Wednesday, December 12, 2007

Deal will protect 2,700 acres

Wood River Land Trust granted easement east of Pioneers


By JASON KAUFFMAN
Express Staff Writer

The last bit of private land in upper Antelope Creek in the eastern Pioneer Mountains will be protected as permanent open space as part of a recently inked conservation easement.

In all, the combined 2,667 acres will continue to provide habitat for numerous species of wildlife while still allowing existing ranch operations on the property to carry on under the deal reached between landowners Jon Manetta and Kathryn McQuade and the Hailey-based Wood River Land Trust.

Spanning portions of Custer and Butte counties, the Antelope Valley Ranch contains working farm and ranch lands as well as abundant wildlife habitat, a news release from the land trust states.

Mule deer, elk, antelope and sage grouse are commonly seen on the ranch. Providing water and vegetation for wildlife are Antelope Creek and Cherry Creek, both of which run through the isolated property.

Further adding to the importance the ranch holds for wildlife is the fact that it's surrounded on three sides by U.S. Forest Service and Bureau of Land Management land, said Kate Giese, director of conservation for the land trust. As such, the property acts as an important wildlife corridor stretching from the surrounding hillsides to the riparian areas along Antelope and Cherry creeks, she said.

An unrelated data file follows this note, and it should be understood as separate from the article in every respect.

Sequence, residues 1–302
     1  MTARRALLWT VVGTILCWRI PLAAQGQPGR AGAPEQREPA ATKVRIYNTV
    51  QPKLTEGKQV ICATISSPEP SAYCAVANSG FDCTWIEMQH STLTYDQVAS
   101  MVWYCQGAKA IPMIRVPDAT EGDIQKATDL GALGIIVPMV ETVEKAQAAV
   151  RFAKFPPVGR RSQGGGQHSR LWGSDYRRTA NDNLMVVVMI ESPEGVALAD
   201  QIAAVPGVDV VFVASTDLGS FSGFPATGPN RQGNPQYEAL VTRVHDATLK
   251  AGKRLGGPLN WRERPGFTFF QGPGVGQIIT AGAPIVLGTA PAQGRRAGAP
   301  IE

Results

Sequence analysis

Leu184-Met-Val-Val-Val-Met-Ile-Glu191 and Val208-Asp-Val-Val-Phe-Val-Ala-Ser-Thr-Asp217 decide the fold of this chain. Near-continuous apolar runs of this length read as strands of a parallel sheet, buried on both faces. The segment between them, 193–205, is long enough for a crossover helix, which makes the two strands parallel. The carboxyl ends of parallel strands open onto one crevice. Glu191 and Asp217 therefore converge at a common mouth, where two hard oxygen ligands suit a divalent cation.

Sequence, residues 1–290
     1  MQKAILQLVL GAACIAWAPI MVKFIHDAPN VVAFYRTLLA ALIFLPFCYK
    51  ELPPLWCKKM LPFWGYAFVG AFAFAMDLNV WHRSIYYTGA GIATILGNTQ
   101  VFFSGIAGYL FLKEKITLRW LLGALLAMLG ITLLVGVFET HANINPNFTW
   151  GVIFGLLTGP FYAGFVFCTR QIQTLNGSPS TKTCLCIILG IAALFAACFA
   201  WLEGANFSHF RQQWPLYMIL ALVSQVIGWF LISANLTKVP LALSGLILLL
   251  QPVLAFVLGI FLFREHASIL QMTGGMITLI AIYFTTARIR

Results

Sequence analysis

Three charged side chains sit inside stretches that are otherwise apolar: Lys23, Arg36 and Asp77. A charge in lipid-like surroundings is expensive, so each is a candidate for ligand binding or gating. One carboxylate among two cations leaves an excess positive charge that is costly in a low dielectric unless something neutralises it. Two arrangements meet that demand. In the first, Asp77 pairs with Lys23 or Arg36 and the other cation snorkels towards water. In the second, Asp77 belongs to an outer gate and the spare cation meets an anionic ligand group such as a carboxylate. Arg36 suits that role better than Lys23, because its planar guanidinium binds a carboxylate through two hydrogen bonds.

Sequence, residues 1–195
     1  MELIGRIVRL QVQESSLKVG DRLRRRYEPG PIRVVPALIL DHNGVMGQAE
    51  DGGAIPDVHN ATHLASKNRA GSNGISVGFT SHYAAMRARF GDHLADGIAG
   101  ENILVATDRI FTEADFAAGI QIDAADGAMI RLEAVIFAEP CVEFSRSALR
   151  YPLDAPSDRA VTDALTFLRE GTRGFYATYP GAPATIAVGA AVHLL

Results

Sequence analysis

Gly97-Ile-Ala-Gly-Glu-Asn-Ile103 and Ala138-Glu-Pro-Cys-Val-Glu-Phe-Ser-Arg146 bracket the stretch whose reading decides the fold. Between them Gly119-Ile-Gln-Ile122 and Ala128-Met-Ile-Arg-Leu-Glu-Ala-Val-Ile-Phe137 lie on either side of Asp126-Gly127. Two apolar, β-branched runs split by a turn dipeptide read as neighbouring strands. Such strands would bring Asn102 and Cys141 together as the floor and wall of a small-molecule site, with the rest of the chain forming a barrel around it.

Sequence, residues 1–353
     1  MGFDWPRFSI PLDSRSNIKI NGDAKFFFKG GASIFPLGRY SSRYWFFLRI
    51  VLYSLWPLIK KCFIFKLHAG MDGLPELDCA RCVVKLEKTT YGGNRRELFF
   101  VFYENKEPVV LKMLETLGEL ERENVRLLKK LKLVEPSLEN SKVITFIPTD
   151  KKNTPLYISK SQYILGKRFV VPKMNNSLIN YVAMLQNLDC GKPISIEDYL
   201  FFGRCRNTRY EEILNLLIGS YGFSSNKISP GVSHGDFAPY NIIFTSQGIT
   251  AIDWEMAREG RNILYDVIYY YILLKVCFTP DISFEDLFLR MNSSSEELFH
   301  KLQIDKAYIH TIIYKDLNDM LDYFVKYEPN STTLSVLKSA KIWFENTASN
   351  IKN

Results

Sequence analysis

At nearly 2,700 acres, the Antelope Valley Ranch is the land trust's largest voluntary conservation agreement to date.

"Jon and Kathryn's gift ensures that a significant landscape will remain intact forever," Giese said.

Set in the middle of an extensive stretch of public lands spanning a large area between the Little Wood River and Copper Basin, the ranch provides critical lower elevation habitat and access to water for antelope, elk and mule deer, Giese added.

"It's kind of on the edge of the wild country," she said.

Voluntary conservation agreements are legal agreements between a landowner and organizations like the Wood River Land Trust. When landowners enter into a conservation agreement, they voluntarily give up some of the development rights associated with owning land in order to protect the land's health.

These limitations are binding forever, and future owners are also bound by the agreement's terms.




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